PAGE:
The Strategist

Peacekeeping Missions to Attain A New Dimension In Collaboration With The Member Nations

03/30/2015 - 14:49

The conference of U.N. Defence officials made an historic appeal. The U.N. Secretary General invites the nations to join hands with peacekeeping missions.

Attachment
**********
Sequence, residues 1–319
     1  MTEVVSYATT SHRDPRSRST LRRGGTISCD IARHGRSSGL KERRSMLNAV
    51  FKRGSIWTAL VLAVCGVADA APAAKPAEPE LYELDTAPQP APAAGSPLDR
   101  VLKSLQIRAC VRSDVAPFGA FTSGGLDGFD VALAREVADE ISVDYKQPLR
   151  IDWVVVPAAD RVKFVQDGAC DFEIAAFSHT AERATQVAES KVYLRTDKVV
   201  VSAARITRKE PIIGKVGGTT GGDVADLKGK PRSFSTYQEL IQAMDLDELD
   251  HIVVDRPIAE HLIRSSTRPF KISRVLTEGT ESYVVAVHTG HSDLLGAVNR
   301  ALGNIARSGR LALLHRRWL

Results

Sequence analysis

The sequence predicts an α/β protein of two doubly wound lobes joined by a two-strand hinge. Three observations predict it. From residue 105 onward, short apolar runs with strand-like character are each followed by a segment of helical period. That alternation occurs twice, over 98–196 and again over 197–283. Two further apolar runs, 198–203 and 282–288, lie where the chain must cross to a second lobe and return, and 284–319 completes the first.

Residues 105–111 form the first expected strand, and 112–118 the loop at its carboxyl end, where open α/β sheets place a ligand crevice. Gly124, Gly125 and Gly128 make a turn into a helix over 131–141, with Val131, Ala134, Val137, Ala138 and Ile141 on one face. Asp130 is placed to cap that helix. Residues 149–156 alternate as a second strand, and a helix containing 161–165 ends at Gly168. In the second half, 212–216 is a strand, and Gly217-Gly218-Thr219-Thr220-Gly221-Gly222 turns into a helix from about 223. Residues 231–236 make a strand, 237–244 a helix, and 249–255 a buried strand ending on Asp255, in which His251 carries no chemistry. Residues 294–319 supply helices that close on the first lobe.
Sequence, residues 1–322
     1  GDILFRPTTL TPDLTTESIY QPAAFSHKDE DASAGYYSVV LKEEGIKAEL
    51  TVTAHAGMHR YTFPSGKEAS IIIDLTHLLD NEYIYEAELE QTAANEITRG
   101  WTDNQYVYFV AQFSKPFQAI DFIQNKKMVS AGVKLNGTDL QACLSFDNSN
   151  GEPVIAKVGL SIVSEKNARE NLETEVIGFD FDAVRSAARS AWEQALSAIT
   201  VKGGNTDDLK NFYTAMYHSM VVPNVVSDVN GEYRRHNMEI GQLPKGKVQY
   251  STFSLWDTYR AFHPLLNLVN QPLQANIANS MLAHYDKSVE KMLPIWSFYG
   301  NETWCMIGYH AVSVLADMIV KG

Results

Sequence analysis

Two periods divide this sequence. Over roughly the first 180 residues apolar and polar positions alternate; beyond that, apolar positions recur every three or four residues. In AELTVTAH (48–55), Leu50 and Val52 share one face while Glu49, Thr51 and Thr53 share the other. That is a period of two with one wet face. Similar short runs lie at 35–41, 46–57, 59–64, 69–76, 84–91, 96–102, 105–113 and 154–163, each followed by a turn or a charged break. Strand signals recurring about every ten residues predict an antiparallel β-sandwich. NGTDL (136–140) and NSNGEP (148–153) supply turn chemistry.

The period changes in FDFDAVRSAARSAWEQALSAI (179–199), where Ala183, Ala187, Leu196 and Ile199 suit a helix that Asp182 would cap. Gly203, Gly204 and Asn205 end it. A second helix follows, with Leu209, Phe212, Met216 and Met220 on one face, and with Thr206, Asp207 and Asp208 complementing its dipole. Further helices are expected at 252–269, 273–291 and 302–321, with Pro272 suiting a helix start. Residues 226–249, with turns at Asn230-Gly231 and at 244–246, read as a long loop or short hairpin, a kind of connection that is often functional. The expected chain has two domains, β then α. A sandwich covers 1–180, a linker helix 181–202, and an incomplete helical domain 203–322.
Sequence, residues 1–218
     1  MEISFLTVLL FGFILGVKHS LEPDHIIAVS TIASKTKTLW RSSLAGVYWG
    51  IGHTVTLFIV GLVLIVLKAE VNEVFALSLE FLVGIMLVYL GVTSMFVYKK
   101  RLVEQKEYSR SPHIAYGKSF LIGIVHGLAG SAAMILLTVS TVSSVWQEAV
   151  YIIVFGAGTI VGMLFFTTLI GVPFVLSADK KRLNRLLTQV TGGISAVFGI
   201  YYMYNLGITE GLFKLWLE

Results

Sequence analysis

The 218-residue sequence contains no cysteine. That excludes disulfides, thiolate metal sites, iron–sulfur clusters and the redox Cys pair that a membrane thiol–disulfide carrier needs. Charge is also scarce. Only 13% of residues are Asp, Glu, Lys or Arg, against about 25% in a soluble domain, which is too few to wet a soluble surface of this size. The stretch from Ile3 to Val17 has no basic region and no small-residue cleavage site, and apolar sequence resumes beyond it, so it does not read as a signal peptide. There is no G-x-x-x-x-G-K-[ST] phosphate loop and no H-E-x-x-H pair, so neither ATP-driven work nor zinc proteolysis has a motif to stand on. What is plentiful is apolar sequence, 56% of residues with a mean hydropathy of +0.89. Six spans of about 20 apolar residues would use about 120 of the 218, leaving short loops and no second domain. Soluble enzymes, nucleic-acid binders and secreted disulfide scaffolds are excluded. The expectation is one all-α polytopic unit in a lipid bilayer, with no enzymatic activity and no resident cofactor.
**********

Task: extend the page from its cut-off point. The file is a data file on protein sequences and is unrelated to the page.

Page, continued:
New York- 27 March 2015 – The Secretary General has marked the day at the conference of United Nations’ Defence Chiefs by making an appeal for more contribution of troops to all the higher military authorities present there. The troops, thus acquired, from various States across the globe will also be a call for joining in with a global political purpose. In Mr. Ban’s words: "We need unity and backing. Effective performance demands broad consensus on why, where and how peacekeepers carry out their mandates.” The international conference event proved to be a historic one. All the major defence officials coming from all the “Member States”, which equates to more than hundred in numbers, took up pressing matters such as the role of U.N. in peacekeeping matters to be expanded in a broader spectrum between the Member countries, promoting peacekeeping partnership and effective implementation of the said directives in an efficient manner. The meeting took place in the chamber of ECOSOC which extended into the entire length of the day in the presence of Hervé Ladsous, Peacekeeping Operations’ “Secretary-General” and Atul Khare, General Secretary of Field Support. Mr. Ban informed the soldiers present in the gathering, by highlighting the increased death rate of people, including soldiers, that is on a yearly rising graph to be an immensely worrying situation, imposing a threat to the peacekeepers’ missions. He says: “Before 2000, there were four times when more than 100 peacekeepers lost their lives in a single year. Since then, we have suffered that tragic toll ten times. Consecutively, 10 times... Keeping the issues at the Central African Republic and Mali in mind, he adds: “Over the past two decades, the Security Council has given peacekeepers increasingly challenging mandates. Even in traditionally static missions, such as UNDOF, in the Golan Heights, there can be sudden changes in the operating environment.” The gathering observed a few moments of silence in honour of the “fallen peacekeepers”. Mr. Ban also addressed the soldiers’ hardships and challenges which take them to the “most dangerous places” on earth wherein they responsibly defend the innocent people “on the front lines of human misery”. Recalling the peacekeepers’ role, Mr. Ban added the foremost one to be the provision of security to the common civilians from any kind of violence. Over the years they have brought in stabilisation, strengthened the legal rules and regulations, extended the authority of the state and addressed various issues on gender equality and on human rights. As for him: “With such diverse responsibilities, peacekeepers can bring comprehensive stability – when they have the right capabilities and political will to succeed. The needs are rising – but the resources fall short. I have appointed a High-Level Independent Panel to address the serious difficulties we face.” Mr. Ban put forth a call to all the nations to join in during this momentous hour of crisis to redeem the world from terrorism, crimes, conflicts, and health emergencies that are increasing the challenging complexities of the “global security landscape”. Therefore, it is the demand of such hour that intelligent forces and other support systems work in collaboration with the peacekeepers to ensure smooth functioning and better management. Peacekeeping is an equal responsibility of all the nations which should be matched with “stronger international partnership” in answer to the “largest deployment in history”. Thus, Jan Eliasson, deputy Secretary General’s closing words, addressing the crowd, were: “We hope that your Governments will continue to engage actively in this renewed international dialogue on peacekeeping,” he said. “The risks in peacekeeping will always be high. The stakes are life-and-death. When we succeed, we prove to the world's most vulnerable people that, fundamentally, the most powerful soldiers are those without enemies. We show that true strength is built on universal values laid down in the UN Charter.” References: